Jun Nguyen-Hatsushiba has been making art with food for two years. Inspired by a visit to Tokyo, he adopted rice – a treasured staple food in the Orient and symbolic of life itself – as his primary material. Following a series of wall-mounted works with cooked, sticky rice and other foods such as broccoli and cantaloupe rinds, he began to work outdoors, affixing moist rice to abandoned construction materials. Similar projects, glistening with snow-like incrustations, were produced during his residency in San Antonio and documented-because of their inaccessibility and impermanence-in a series of photographs.
Nguyen-Hatsushiba is not alone in his discovery of the evocative potential of food. The Italian Arte Povera artists of the 1960s used food as an inexpensive, natural material. Marcel Broodthaers’s egg and mussel shells, Daniel Spoerri’s mounted remains from dinner parties, and Wolfgang Laib’s delicate displays of milk and pollen convey the fragility and transience of life. Along with rice, Nguyen-Hatsushiba often includes waste materials, such as peels or rinds, to reinforce the idea of food as life sustaining. Recalling the symbolic images of peeled fruits in seventeenth century Dutch vanitas paintings, his materials also serve as reminders of the inevitability of mortality.
Looking for a way to use uncooked rice, Nguyen-Hatsushiba developed a technique of sprinkling the dry grains from his hand on to the floor, reminiscent of the image-making processes of Tibetan monks and Navajo sand painters. Partially covering an elliptical mound of rice with dried orange and grapefruit rinds resulted in The Boat People (1994). The phenomenon of boat people, originally associated with the post-Vietnam era, led to Nguyen-Hatsushiba’s association of orange peels, the discarded materials of consumption, with the floating emigrants adrift between one society and another. Spoon, exhibited in ArtPace’s conference room gallery in the spring of 1995, pursued the issues raised by The Boat People in an oval sea of orange peels surrounding a precisely formed soup spoon made of dry rice.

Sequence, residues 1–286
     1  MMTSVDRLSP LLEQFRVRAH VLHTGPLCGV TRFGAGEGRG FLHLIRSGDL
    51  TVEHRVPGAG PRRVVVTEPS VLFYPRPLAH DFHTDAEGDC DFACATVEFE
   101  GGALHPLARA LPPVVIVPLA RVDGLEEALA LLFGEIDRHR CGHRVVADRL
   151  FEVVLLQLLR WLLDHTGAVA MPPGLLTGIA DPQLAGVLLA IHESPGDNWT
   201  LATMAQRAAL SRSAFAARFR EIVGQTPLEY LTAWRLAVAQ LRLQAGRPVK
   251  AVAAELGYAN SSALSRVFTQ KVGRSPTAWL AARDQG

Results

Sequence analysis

Accompanying Spoon was a series of photographs taken by the artist during a recent fellowship period in Vietnam. Lacking any artifice and revealing only rare acknowledgments of the photographer’s presence, many of the photographers document the preparation and consumption of food and the cleaning of utensils. Another series of photographs was inspired by the prevalence of billboards devoted to AIDS prevention in Vietnam. Mounted by the Vietnamese government in response to the devastating epidemic in neighboring Thailand, the billboards feature families and condoms, while indicting syringes and prostitution. American viewers are struck by the absence of references to homosexuality, so prevalent in the homophobic West. At ArtPace, the AIDS photographs are displayed with floor-bound mounds of rice, like so many islands in the sea, that cradle transparent plastic globes filled with blood-colored dried tomatoes.
Nguyen-Hatsushiba’s most elaborate installation to date, Shovel Boat-Perpetual Maze, was produced during his residency at ArtPace. Rising from a labyrinth of chalky, black charcoal briquets is the shovel-like prow of a pristine white boat formed of rice. The boat appears to glide effortlessly on a calm sea of pitch, melancholic-because of its transient, unfixed existence-and yet, like all of his work, celebratory of the poetry of life.